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Right and wrong in a fallen world

12 April 2011

Michael Northcott admires a guide to today’s dilemmas


Tensions in Christian Ethics: An introduction
by Malcolm Brown
SPCK £19.99
Church Times Bookshop £18

UNTIL he took up his present position as the Director of Mission and Public Affairs for the Church of England, Malcolm Brown had for many years taught Christian ethics in Cambridge and Bangor. This book is a textbook based on his lectures. He also draws richly on his many engagements in public life in England, both in his time at the William Temple Foundation in Man­chester, and in Church House in London.

The book is particularly strong in social ethics, and in its engagement with the leading communitarian thinkers in contemporary Christian ethics — including Alasdair Mac­Intyre, Stanley Hauerwas, and John Milbank — recent Church of England reports, and the writing and speeches of Archbishop Rowan Williams.

The first half of the book pro­vides a survey of theoretical con­cerns in Christian ethics in­cluding the use of the Bible, the contrasting influences of Au-gustine, Aquinas, and Luther, the challenge of modernity, middle axioms, ecclesial ethics, and public theology. The second half is constituted of valuable and engaging discussions of abortion and euthanasia, human rights, just war, the market eco­nomy, and sexuality.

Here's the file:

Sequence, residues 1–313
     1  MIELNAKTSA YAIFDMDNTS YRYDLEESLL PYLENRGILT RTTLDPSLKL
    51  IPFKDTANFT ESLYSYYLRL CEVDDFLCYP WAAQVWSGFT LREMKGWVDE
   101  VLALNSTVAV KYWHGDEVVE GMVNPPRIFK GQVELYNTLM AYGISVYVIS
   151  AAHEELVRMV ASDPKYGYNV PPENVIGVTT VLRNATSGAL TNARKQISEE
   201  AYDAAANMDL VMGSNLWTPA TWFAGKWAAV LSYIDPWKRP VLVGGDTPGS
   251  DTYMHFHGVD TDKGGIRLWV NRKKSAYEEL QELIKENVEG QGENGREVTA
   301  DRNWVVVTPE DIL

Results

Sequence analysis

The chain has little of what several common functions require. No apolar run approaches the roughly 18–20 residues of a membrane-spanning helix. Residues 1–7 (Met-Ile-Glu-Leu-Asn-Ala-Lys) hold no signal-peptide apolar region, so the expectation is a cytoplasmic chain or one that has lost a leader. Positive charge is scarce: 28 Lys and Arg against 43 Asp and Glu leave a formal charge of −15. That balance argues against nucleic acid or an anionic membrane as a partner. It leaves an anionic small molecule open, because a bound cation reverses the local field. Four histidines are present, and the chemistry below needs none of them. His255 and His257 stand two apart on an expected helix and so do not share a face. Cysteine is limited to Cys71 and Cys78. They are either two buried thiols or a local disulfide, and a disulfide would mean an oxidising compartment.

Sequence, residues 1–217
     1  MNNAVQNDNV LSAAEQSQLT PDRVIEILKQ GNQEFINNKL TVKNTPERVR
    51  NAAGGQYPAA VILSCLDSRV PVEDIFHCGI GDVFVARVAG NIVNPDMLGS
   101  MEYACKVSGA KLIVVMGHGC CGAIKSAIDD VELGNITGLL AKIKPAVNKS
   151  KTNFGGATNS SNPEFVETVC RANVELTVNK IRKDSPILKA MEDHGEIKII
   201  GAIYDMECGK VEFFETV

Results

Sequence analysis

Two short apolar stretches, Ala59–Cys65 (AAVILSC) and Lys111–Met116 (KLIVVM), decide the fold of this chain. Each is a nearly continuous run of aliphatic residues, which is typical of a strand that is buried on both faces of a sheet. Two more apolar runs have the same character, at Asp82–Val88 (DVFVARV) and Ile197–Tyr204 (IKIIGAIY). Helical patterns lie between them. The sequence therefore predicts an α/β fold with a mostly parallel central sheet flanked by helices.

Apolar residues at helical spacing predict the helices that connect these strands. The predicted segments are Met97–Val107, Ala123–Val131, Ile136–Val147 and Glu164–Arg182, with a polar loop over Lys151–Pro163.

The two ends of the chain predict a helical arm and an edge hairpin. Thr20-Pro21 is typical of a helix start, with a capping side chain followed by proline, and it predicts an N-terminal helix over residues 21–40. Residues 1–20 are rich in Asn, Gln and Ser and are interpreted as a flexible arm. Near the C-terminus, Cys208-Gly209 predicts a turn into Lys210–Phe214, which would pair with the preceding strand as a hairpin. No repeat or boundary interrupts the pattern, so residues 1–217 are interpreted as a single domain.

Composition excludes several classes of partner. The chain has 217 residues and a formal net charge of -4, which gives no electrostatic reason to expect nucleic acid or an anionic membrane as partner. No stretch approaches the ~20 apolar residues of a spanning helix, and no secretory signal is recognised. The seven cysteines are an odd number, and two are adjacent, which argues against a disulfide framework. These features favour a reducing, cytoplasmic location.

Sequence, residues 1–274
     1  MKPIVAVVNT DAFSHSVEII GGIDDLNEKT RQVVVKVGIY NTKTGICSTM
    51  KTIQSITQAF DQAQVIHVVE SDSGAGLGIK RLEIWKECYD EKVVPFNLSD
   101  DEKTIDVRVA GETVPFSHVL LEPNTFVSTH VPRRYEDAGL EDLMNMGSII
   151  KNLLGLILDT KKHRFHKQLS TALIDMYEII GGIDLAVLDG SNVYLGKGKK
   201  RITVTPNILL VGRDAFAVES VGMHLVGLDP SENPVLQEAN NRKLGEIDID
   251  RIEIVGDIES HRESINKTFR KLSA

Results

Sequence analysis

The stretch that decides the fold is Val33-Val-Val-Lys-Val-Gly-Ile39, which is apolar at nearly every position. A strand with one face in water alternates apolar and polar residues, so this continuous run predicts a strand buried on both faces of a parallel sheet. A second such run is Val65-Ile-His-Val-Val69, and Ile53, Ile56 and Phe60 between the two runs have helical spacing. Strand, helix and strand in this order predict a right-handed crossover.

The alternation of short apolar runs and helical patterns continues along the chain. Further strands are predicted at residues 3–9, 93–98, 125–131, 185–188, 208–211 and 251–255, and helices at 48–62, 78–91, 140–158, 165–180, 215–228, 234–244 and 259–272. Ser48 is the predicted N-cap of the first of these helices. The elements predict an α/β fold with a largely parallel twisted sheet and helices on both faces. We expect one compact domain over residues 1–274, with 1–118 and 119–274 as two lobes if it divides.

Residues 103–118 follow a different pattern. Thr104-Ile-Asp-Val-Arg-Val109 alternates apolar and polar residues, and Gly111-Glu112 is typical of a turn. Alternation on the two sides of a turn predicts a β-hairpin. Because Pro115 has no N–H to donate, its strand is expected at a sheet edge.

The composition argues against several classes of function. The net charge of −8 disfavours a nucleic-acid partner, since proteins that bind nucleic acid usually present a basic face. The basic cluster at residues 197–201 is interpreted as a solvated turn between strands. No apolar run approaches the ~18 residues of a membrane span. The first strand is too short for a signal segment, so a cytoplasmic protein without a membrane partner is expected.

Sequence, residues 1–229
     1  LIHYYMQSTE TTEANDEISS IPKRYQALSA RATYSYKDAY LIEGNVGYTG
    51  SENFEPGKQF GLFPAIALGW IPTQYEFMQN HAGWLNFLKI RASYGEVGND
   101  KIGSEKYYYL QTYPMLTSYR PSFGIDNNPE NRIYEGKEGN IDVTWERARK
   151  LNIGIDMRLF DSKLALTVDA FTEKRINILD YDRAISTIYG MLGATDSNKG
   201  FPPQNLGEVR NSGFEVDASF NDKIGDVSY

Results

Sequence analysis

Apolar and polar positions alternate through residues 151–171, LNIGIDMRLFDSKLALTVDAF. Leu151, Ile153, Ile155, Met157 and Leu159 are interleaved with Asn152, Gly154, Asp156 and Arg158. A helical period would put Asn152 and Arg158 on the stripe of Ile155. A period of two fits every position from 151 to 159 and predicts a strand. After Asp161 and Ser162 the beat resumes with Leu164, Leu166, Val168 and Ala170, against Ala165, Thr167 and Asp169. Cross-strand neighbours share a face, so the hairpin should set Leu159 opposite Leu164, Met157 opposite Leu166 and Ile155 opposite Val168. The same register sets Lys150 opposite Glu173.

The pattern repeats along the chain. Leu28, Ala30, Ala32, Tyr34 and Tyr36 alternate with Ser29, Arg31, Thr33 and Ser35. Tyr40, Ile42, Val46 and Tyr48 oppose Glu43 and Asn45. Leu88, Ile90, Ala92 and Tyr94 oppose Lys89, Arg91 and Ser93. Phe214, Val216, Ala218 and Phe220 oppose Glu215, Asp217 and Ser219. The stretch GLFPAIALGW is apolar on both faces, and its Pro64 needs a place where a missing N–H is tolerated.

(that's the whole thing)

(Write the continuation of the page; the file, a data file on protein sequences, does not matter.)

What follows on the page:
The central issue in the book is the tension between liberal and communitarian approaches to Christian ethics. Brown provides a sympathetic account of the com­munitarianism of Hauerwas and Milbank. But he suggests that there is greater continuity between their approaches and the tradition of liberal social ethics that character­ises the Anglican moral tradition in the 20th century from Temple to Williams.

Thus Brown shows how strength of Christian conviction against abortion is combined in an essay by Dr Williams with a sym­pathetic reading of the liberal impulses that drove those who legalised abortion in Britain and elsewhere. But, in a fallen world, the Church, while it opposes abortion in principle, can also recognise that those who sought to legislate for exceptional cases, and to minimise suffering, have, albeit unintention­ally, turned the abnormal — and proscribed — into a standard medical procedure.

Here is the key tension that Brown identifies in Christian ethics in a world that is no longer Chris­ten­dom, but where Christian customs, laws, and virtues continue to shape and undergird much mainstream culture. Theo­lological liberals — with whom Brown is sympathetic — emphasise the continuity between a post-Christian society and the Christen­dom culture that preceded it, while communitarians em-phasise dis­continuties and the need for the Church to recover a dis­tinctive life and witness from its liberal com­promises with modernity.

This is a clearly written, very well-informed, and up-to-date account of Christian ethics. Brown has succeeded in creating a primer in the subject which is more than an introduction in its depth of engagement with key debates and controversies in the field. The book deserves wide readership and use in the teaching of Christian ethics.

Canon Michael Northcott is Professor of Ethics in the University of Edin­burgh.

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